After the solder has cooled, the ferrule disk assembly 18 is released from the micropositioner. The completed assembly is then placed in a protective housing (See U.S. Design Pat. No. 312,445 to Crosby and assigned to the assignee of the present invention).

A method has been described for manufacturing an optical pigtail assembly 10 that uses solder to hold an optical fiber in alignment with a laser source. This method substantially reduces the manufacturing time for such an assembly and produces a laser pigtail assembly that is less susceptible to environmental degradation. Total processing time to join the two sub-assemblies 17 and 18 ranges between 5 and 15 minutes. With experience, a good solder joint can be made in less than 5 minutes. Tests of the solder joint has shown good thermal stability between -40° C. and 70° C., and good vibration stability when subjected to a force of 8.6 g over a frequency range from 0 to 2.5 KHz when a 8 micron single mode fiber at 1300 nm was used. Good coupling efficiency (e.g., about 80%) was shown and bonding losses were measured to be on the order of 0.1 to 1.0 dB.

From the foregoing description, it will be observed that numerous variations, alternatives and modifications will be apparent to those skilled in the art. Accordingly, this description is to be construed as illustrative only and is for the purpose of teaching those skilled in the art the manner of carrying out the invention. Various changes may be made, materials substituted and features of the invention may be utilized. For example, although the invention has been described in the context of a laser as an optical source, the method and apparatus of the invention may be readily used in connecting two fiber optic waveguides and in connecting a fiber optic waveguide source to an appliance or receiver (e.g., a laparoscope) which uses optical radiation. In addition while the pigtail assembly 10 was solder connected using two disk like members 19 and 22 having a peripheral edge, the solder bond can be formed using a variety of adjacent metal surfaces, including adjacent surfaces which are not identical to each other interlocking surfaces and members whose edges carry or are clad with a Nickel-iron alloy. Thus, it will be appreciated that various modifications, alternatives, variations, etc., may be made without departing from the spirit and scope of the invention as defined in the appended claims. It is, of course, intended to cover by the appended claims all such modifications involved within the scope of the claims.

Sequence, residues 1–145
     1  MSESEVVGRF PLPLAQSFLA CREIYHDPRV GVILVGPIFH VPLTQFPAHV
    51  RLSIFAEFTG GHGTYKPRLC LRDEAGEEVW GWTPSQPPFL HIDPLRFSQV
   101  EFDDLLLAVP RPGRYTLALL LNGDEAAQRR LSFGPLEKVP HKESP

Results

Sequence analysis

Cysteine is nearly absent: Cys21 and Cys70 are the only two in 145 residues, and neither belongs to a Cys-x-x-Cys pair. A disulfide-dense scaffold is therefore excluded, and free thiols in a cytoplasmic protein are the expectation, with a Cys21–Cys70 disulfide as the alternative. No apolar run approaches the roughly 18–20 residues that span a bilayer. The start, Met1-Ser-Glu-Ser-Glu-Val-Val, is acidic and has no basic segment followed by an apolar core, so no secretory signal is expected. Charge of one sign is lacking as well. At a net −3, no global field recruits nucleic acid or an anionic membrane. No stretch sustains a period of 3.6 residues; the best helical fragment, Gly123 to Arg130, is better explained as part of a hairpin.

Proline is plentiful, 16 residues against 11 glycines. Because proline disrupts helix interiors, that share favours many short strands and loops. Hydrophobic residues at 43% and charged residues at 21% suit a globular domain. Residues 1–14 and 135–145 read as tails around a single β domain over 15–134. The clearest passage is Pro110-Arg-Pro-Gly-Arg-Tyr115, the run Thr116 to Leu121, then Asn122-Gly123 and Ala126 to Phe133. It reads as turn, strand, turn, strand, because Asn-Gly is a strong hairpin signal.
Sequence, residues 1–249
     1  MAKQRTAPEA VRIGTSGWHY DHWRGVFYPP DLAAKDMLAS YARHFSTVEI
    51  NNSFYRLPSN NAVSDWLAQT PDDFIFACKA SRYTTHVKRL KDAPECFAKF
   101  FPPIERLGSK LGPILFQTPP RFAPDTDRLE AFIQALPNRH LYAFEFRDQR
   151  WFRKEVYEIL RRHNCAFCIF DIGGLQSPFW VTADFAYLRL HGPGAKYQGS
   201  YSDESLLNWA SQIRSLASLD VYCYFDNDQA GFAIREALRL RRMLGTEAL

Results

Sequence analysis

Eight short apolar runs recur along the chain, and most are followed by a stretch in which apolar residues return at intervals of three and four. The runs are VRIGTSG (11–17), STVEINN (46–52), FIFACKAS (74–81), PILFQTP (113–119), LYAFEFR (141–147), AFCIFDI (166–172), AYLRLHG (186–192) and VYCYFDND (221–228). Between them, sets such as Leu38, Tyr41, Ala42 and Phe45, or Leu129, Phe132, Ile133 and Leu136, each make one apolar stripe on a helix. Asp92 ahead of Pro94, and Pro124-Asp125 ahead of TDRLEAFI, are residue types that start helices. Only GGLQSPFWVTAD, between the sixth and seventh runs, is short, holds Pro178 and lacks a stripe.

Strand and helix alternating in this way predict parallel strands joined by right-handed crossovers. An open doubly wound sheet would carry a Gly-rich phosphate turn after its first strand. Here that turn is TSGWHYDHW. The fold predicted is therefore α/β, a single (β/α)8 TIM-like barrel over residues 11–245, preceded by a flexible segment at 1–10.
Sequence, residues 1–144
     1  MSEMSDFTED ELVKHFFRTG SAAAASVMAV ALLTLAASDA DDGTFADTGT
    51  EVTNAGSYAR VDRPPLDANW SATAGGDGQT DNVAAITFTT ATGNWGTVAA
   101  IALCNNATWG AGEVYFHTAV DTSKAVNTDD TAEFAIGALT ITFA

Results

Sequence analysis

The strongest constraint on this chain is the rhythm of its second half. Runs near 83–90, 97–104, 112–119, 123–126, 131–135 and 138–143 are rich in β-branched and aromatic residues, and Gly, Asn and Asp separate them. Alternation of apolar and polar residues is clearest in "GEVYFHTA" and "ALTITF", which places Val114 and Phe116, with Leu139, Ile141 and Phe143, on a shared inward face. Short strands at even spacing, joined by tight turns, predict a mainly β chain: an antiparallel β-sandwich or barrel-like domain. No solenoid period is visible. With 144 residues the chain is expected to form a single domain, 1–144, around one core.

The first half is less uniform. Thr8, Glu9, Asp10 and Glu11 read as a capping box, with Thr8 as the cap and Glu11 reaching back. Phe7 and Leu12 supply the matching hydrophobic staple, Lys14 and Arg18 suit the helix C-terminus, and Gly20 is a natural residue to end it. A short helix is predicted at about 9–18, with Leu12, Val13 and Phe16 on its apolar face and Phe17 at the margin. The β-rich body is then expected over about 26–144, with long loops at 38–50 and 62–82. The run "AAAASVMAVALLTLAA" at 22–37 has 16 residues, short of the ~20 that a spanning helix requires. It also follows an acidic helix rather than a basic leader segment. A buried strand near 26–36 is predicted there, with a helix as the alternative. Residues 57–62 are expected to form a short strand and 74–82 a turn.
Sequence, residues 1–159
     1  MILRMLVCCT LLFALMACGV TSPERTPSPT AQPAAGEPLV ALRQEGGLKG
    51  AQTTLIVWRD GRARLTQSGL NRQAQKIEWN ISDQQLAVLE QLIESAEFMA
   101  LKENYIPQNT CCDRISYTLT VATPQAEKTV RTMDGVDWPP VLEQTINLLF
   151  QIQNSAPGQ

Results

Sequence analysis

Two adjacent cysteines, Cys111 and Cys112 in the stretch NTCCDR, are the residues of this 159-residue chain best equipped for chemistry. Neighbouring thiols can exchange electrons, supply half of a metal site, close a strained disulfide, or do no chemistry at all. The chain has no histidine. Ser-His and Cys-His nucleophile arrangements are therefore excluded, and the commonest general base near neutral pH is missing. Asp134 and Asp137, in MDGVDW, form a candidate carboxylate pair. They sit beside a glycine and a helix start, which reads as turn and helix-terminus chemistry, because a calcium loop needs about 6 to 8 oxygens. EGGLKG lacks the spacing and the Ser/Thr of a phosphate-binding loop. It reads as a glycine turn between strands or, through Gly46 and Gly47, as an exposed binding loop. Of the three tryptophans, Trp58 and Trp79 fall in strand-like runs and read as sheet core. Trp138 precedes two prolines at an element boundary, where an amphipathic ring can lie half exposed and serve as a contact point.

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Referenced by
Citing PatentFiling datePublication dateApplicantTitle
US5295214 *Nov 16, 1992Mar 15, 1994International Business Machines CorporationOptical module with tolerant wave soldered joints
US5452389 *Apr 8, 1994Sep 19, 1995Sumitomo Electric Industries, Ltd.Semiconductor element module
US5604831 *Nov 16, 1992Feb 18, 1997International Business Machines CorporationOptical module with fluxless laser reflow soldered joints
US5663526 *Jun 6, 1995Sep 2, 1997International Business Machines CorporationOptical module with tolerant wave soldered joints
US5802229 *Aug 13, 1997Sep 1, 1998Indigo, Medical, Inc.Fiber optic radiation transmisson system connector for an optical fiber and methods of usine same
US5841591 *Aug 4, 1997Nov 24, 1998Oplink Communications, Inc.Method and system for aligning a lens and a pigtail
US5848209 *Nov 26, 1997Dec 8, 1998Indigo Medical Inc.Connection apparatus with optical fiber coding and detection means or with radiation emitter
US5852257 *May 30, 1996Dec 22, 1998International Business Machines CorporationOptical module with fluxless laser reflow soldered joints
US5875275 *Nov 26, 1997Feb 23, 1999Indigo Medical, Inc.Methods of connecting an optical fiber and methods of providing radiation from an optical fiber
US6061191 *Sep 5, 1998May 9, 2000Mustek Systems Inc.Lens fixer device for scanner
US6198207 *Aug 31, 1999Mar 6, 2001Oceana Sensor TechnologiesHigh-volume production, low cost piezoelectric transducer using low-shrink solder of bismuth or antimony alloy
US6325551Dec 8, 1999Dec 4, 2001New Focus, Inc.Method and apparatus for optically aligning optical fibers with optical devices
US6571443Feb 2, 2001Jun 3, 2003Oceana Sensor TechnologiesMethod for fabricating a piezoelectric transducer
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Classifications
U.S. Classification385/90
International ClassificationG02B6/32, H01S3/02, G02B6/42
Cooperative ClassificationG02B6/4204, G02B6/32, G02B6/4238
European ClassificationG02B6/42C5V4, G02B6/32, G02B6/42C3